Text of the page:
Christopher-Rashee Stevenson. Photo by Joan Marcus.

Both Matthew Russell (alternating with Gavin Price, who created the role) as Mr. Heycock and Christopher-Rashee Stevenson as Mr. Burford are more animated and emotive than the real-life originals. Stevenson’s performance is especially theatrical, and the appearance of a Black actor as the “con” voice in support of Buckley is presumably intended to take a jab at present-day outspoken BIPOC conservatives and/or at the pressure they feel to assume that stance in order to be accepted and to get ahead in our culture and/or a call for colorblind casting (the actual Burford was white).

Their short presentations are followed by the well-documented comments of the two renowned guest speakers. Starring Sargeant as Baldwin and Ben Jalosa Williams (who also provided the sound design) as Buckley, their opposing positions – Baldwin’s personal and pained, Buckley’s statistical and condescending, both characteristically eloquent and provocative – are delivered with more impassioned emotion and physical energy, and at a more fluid pace, than in the 1965 recording, with neither actor slipping into mere impersonation (save for a few funny moments by Williams). Standing and directly addressing the audience around them, they instead state their arguments with clarity and conviction, and react visibly to each other’s perspectives while listening seated at their respective tables (Sargeant’s facial expressions and posture indicate Baldwin’s suppressed anger, while those of Williams bespeak Buckley’s supercilious smugness), giving the intended renewed vitality and greater immediacy (if not the authentic realism) to the in-person exchange, in full color and light, than comes across remotely, in black and white, on a small screen.

Greig Sargeant and Daphne Gaines. Photo by Joan Marcus.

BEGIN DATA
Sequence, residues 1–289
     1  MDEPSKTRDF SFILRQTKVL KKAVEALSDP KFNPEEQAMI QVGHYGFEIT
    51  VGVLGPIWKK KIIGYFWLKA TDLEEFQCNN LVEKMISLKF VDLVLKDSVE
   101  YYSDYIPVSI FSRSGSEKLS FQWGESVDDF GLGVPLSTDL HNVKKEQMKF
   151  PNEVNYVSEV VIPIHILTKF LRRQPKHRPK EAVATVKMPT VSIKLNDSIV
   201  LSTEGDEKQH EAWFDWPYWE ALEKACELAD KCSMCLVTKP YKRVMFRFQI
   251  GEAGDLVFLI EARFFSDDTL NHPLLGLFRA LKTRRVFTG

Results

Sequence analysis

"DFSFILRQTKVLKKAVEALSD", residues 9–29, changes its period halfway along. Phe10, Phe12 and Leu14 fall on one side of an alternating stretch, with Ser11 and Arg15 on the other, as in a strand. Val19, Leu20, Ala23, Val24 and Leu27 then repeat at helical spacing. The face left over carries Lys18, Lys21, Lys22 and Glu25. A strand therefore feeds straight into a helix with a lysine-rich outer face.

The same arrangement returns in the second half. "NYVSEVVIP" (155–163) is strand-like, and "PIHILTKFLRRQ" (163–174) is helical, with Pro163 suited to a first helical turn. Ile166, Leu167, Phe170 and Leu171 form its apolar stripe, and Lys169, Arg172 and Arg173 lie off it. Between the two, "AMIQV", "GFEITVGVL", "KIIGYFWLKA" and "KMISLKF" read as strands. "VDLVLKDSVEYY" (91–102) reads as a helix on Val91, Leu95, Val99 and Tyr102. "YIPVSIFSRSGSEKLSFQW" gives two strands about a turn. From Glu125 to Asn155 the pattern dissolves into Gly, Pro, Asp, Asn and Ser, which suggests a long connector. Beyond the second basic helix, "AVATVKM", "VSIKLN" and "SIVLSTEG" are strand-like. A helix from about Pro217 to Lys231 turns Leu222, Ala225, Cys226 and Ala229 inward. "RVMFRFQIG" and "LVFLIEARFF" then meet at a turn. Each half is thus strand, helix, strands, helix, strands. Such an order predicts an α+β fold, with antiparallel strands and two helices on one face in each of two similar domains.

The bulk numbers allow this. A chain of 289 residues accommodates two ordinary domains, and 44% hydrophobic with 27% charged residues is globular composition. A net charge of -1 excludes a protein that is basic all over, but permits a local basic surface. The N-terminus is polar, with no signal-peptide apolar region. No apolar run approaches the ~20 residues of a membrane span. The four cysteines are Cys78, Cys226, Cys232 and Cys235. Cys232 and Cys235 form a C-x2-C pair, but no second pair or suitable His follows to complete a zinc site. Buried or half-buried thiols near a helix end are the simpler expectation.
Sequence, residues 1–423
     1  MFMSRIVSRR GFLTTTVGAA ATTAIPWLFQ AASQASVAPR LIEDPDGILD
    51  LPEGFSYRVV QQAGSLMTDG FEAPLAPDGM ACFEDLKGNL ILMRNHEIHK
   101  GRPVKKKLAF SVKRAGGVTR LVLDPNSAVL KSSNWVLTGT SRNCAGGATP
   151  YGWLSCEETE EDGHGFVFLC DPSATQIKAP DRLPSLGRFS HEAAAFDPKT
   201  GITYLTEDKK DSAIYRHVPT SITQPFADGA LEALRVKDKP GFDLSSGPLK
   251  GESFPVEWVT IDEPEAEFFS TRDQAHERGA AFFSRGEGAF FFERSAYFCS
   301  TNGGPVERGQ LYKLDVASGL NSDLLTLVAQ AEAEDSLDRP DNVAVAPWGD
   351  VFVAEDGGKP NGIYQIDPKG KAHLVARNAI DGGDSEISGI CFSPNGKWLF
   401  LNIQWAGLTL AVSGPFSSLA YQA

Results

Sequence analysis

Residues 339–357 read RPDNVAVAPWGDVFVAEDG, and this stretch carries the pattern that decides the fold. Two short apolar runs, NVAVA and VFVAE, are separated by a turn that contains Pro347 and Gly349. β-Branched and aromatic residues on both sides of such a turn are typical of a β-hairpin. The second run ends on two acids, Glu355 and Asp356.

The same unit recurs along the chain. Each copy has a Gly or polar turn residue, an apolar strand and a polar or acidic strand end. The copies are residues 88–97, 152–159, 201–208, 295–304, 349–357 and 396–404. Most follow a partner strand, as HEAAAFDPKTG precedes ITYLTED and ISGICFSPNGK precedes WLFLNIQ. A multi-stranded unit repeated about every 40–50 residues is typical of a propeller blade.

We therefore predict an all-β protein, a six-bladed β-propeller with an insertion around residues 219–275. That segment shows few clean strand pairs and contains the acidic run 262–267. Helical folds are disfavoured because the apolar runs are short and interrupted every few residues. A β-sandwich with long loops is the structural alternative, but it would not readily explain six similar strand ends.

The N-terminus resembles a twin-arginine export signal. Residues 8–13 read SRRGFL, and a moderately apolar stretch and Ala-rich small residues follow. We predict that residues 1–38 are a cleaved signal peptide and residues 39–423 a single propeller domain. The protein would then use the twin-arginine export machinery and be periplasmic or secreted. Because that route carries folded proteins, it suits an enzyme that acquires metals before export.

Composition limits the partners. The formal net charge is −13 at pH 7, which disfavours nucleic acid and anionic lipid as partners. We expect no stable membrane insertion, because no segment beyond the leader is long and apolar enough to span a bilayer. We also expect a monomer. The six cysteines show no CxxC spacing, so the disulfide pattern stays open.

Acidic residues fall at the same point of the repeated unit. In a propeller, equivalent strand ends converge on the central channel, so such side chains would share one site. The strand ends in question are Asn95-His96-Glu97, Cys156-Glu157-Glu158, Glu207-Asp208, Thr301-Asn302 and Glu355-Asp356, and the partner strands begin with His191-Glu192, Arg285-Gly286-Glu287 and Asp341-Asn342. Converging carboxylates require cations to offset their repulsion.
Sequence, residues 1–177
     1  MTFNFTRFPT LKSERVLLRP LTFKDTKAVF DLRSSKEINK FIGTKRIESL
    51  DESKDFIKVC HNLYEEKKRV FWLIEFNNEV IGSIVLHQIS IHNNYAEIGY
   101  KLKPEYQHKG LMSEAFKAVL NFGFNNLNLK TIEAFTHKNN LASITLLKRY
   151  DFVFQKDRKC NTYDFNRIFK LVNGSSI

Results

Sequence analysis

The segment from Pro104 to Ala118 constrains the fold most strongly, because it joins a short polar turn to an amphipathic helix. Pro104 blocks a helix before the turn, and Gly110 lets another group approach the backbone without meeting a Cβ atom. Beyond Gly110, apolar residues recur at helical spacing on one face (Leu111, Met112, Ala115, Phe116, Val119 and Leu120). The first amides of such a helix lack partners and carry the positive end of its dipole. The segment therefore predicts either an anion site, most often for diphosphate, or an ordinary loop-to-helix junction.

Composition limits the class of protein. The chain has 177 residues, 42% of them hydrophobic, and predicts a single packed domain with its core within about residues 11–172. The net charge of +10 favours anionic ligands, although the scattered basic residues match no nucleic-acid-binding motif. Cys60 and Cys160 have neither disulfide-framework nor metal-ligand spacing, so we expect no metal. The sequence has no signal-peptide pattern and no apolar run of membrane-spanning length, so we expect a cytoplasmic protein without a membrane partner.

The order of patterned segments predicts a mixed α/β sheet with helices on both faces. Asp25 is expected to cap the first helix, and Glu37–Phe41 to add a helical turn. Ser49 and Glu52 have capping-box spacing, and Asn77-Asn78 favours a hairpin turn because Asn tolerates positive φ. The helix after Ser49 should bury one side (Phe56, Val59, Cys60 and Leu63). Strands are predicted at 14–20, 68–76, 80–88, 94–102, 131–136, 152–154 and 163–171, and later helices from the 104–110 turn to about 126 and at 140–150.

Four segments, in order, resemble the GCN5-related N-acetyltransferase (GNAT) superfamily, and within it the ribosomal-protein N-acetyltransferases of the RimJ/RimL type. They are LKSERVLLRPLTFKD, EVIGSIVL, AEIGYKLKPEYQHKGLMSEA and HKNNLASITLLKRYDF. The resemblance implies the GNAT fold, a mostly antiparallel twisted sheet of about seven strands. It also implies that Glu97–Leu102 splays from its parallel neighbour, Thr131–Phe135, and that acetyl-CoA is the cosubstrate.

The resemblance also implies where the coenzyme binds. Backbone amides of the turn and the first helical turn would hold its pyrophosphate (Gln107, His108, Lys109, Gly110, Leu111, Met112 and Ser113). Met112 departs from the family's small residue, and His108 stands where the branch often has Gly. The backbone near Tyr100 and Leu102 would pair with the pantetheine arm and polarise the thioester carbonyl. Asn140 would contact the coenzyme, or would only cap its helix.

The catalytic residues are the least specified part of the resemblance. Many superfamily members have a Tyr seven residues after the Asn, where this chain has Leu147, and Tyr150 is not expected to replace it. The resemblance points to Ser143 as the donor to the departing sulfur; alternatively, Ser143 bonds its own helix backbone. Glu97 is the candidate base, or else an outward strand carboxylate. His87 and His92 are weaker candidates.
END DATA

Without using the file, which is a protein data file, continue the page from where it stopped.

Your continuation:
Following the speeches, the results of the attendees’ vote on which side of the motion has been adopted are read. No surprise there, even if you haven’t viewed the video or read about the iconic event. The debaters exit, the lights go down, and the play concludes with an additional, short, imagined scene, researched and written by Sargeant and ERS company member April Matthis, between Baldwin and his close friend Lorraine Hansberry (writer, activist, and the first Black woman to have a play performed on Broadway), played by Daphne Gaines (with Stephanie Weeks scheduled take over the role beginning on Tuesday, October 18, for all remaining performances). Set in a home interior with a sofa, lamp, table, and bar cart, the actors shift from the conversation and camaraderie of the historic figures to themselves, in a self-referencing metatheatrical break from character that yet again reiterates their contemporary message, as it pertains to society in general and the changing practices of theater in particular.

You can see the play now, or you can watch the original recording anytime. We can only hope that it won’t have to be revisited in another 60 years.

Running Time: Approximately 60 minutes, without intermission.

Baldwin and Buckley at Cambridge plays through Sunday, October 23, 2022, at The Public Theater, 425 Lafayette Street, NYC. For tickets (starting at $60, plus fees), go online. The use of masks is strongly encouraged at all performances and is required at all Tuesday evening and Saturday and Sunday matinee performances.